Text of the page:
My thought was that of international relations – “If you won’t let our travellers in, we won’t let yours in”.

        Not sure if the EU (or member countries thereof) still ban vacationers from the US, though.

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    • Hardened

      Hold on cowboy, the dream of herd immunity is toast?  Even if we’re all vaccinated?  I want to make sure I heard that right.

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      • Greg P Hardened

        The best we can hope for is that the virus mutates into a more “traditional” corona virus (the common cold) and it kills/maims fewer people every year.  As a world-wide pandemic, there is simply not enough vaccine that will get to enough people before the virus mutates again & again.  

        The only potential silver lining is that vaccination will keep you from getting as sick when, not if, you catch the next mutation.   

        Now, as to prevention – can the world leaders learn from this episode & get on top of the next virus that will come along?  If not, then we just have to cross our fingers that it is not as lethal as Ebola as it sweeps the world.

        Good luck, everyone!

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      • Bed Greg P

        It honestly wouldn’t be surprising if it becomes an endemic after a while. Just gotta hope that most people either get vaccinated to reduce their chance of being really sick or hospitalized/dying, or somehow get lucky and don’t get too sick w/o being vaccinated.

        I doubt world leaders will learn from this pandemic. Just look at how global warming has been “handled” by them for the past several decades.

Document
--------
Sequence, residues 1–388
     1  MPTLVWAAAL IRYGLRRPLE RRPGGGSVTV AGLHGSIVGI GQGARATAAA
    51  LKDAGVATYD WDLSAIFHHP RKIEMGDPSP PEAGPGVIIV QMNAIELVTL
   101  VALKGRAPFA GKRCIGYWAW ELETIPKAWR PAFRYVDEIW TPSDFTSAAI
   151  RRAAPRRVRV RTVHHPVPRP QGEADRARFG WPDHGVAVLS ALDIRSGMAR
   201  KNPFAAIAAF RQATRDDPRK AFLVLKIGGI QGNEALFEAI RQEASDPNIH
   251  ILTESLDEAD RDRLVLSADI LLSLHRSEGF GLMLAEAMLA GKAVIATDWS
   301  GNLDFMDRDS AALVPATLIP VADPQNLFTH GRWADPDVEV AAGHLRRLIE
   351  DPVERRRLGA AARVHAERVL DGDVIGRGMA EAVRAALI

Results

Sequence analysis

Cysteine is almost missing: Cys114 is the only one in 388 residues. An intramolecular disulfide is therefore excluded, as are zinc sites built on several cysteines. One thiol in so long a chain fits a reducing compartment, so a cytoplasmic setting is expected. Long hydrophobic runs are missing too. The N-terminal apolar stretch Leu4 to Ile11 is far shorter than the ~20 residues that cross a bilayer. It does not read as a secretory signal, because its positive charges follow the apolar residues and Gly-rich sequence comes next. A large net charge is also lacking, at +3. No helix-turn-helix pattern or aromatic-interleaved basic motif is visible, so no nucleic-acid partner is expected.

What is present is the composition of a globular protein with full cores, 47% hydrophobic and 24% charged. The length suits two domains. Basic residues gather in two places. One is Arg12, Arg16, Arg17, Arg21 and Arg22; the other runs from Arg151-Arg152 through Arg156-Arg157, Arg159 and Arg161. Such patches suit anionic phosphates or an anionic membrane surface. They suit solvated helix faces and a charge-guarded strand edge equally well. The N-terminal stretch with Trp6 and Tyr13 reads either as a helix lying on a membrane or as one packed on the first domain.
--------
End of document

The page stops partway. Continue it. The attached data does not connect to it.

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      • Stephanie ArnoldContributor Hardened

        Felt the same way. “This can’t be right!” But it’s true in the sense that the unvaccinated are not at all protected by the vaccinated pool if that pool is constantly transmitting viable virus. Delta breakthroughs are wrecking hopes for herd immunity. The vaccinated are still protected from hospitalization and severe disease, though. 

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    • Mary M

      On the subject of wildfires, there are fires bigger than every other one combined currently burning in Siberia. This will not only eject massive amounts of carbon into the atmosphere, but, potentially, quantities of methane as well. Not good.

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      • Stephanie ArnoldContributor Mary M

        Definitely not good! Thanks for sharing the link. 

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    • Lindsey ⚜

      This seemed like a rougher update. So much bad news. I hadn’t even heard of the China port situation. 😳 Thank you for the round up!

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      • Stephanie ArnoldContributor Lindsey ⚜

        Yes, re-reading them they are all relatively concerning. The news always is. We try to include some feel-good news too when possible. I’ll look for some good news to share this week. 

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    • Greg P

      The situation in Afghanistan reminded me of a conversation that I had with an Army civil engineer about 13 years ago when I was deployed to Landstuhl Hospital in Germany.  He was on his way back after a tour of duty in the “Stan”.   He related how we (US) were never going to be able to nation build there.  He told me that most people there live in these remote mountain valleys – no electricity, roads, indoor plumbing or running water.  They have their little plot of land and raise food and/or poppies.  They just wanted to be left alone and continue this way of life that they have known for a couple hundred years or more.